{Cat's cradle}, game played, esp. by children, with a string looped on the fingers so, as to resemble small cradle. The string is transferred from the fingers of one to those of another, at each transfer with a change of form. See {Cratch}, {Cratch cradle}.

{To bell the cat}, to perform a very dangerous or very difficult task; -- taken metaphorically from a fable about a mouse who proposes to put a bell on a cat, so as to be able to hear the cat coming.

{To let the cat out of the bag}, to tell a secret, carelessly or willfully. [Colloq.]

{Bush cat}, the serval. See {Serval}. [1913 Webster]


The Collaborative International Dictionary of English. 2000.

Look at other dictionaries:

  • Cat o' nine tails — cat o nine tails cat o nine tails . 1. a whip used as an instrument of punishment consisting of nine pieces of knotted line or cord fastened to a handle; formerly used to flog offenders on the bare back; called also the {cat}. It was used in the …   The Collaborative International Dictionary of English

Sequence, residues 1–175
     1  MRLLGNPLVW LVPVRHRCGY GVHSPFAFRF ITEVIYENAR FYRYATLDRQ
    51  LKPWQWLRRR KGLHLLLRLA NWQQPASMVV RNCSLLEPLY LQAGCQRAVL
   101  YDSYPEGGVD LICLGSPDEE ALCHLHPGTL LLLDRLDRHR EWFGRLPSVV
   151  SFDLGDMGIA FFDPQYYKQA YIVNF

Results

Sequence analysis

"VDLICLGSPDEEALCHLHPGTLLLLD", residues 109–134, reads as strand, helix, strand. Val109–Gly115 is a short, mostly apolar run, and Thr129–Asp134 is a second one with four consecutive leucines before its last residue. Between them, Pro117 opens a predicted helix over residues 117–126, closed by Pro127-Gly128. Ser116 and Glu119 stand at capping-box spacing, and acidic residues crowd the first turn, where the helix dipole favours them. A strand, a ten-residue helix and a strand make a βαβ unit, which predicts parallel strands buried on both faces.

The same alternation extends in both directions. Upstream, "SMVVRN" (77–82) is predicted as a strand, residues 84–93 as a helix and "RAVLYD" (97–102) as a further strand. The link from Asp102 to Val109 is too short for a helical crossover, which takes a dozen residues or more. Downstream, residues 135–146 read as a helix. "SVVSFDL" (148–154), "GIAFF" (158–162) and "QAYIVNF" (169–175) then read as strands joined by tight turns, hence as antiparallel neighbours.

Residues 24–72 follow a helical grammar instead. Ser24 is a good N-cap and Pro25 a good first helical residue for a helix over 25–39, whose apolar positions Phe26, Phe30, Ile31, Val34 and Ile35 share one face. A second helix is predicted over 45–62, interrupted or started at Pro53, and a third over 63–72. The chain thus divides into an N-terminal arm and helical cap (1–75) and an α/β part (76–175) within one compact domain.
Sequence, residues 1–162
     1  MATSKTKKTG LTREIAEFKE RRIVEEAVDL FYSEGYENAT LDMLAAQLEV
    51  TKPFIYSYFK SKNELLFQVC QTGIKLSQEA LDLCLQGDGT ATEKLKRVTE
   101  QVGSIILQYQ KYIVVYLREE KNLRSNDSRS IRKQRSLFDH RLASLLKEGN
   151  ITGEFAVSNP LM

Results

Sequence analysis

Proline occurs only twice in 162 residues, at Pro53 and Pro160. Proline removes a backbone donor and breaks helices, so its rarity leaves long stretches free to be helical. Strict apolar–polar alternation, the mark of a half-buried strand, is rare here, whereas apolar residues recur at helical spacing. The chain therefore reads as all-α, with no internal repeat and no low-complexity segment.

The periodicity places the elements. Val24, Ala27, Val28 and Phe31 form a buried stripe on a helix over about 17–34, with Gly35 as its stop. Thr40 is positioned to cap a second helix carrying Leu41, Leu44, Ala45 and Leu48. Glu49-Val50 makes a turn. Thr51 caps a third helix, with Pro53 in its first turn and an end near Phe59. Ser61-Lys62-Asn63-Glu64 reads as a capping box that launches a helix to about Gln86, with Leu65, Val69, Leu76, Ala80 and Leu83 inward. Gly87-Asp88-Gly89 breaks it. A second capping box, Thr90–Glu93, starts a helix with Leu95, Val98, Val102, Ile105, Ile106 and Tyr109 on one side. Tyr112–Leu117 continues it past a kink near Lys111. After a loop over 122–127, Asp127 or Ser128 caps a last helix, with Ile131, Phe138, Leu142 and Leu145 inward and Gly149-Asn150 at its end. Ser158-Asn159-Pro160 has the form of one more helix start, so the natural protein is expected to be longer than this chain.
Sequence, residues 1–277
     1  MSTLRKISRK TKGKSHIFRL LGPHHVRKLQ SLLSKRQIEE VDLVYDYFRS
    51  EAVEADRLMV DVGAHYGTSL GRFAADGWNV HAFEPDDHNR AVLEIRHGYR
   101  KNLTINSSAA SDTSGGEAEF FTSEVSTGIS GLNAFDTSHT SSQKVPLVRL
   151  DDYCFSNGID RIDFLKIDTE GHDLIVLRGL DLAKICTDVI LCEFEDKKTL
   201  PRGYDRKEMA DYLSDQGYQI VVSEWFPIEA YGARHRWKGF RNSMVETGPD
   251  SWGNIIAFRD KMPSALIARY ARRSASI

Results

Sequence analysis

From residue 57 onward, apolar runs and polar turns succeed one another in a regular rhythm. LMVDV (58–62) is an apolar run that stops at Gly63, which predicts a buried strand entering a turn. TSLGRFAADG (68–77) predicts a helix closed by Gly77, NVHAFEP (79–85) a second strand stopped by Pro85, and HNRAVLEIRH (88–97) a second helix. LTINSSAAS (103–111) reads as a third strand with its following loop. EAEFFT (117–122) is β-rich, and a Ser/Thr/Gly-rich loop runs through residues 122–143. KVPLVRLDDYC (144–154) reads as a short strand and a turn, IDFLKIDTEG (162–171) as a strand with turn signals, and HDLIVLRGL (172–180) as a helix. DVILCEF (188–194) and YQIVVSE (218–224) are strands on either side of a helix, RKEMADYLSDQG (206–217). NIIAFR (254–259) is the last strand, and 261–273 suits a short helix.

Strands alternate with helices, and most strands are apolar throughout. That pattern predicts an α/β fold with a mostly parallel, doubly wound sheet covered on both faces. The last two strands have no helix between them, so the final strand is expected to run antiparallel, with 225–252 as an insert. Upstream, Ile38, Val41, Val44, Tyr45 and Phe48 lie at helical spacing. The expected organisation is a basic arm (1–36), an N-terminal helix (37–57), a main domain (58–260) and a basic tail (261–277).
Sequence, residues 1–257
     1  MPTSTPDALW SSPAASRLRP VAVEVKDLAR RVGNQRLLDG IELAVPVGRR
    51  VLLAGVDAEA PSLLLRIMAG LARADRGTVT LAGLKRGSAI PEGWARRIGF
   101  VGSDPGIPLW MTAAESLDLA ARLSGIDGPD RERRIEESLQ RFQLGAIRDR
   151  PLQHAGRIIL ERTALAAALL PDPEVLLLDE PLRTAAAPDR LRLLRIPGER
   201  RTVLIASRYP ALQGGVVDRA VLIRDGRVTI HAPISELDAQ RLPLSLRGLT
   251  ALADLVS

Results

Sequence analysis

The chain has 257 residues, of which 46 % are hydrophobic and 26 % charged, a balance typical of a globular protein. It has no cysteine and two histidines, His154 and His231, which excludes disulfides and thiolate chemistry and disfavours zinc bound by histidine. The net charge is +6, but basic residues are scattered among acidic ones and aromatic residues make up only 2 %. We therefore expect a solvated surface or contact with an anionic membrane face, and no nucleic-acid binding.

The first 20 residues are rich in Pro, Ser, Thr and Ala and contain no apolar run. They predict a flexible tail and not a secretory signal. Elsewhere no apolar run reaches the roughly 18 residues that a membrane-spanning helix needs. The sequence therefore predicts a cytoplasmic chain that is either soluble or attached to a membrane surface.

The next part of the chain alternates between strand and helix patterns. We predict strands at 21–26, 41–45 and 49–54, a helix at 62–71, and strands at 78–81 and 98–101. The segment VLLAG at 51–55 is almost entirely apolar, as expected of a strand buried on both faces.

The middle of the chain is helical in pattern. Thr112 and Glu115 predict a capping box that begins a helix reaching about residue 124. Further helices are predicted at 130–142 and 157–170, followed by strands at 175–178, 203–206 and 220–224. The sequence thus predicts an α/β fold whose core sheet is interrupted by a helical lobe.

• cat-o'-nine-tails — cat o nine tails cat o nine tails . 1. a whip used as an instrument of punishment consisting of nine pieces of knotted line or cord fastened to a handle; formerly used to flog offenders on the bare back; called also the {cat}. It was used in the …   The Collaborative International Dictionary of English

  • cat-o'-nine-tails — [kat΄ə nīn′tālz΄] n. pl. cat o nine tails a whip made of nine knotted cords attached to a handle, formerly used for flogging …   English World dictionary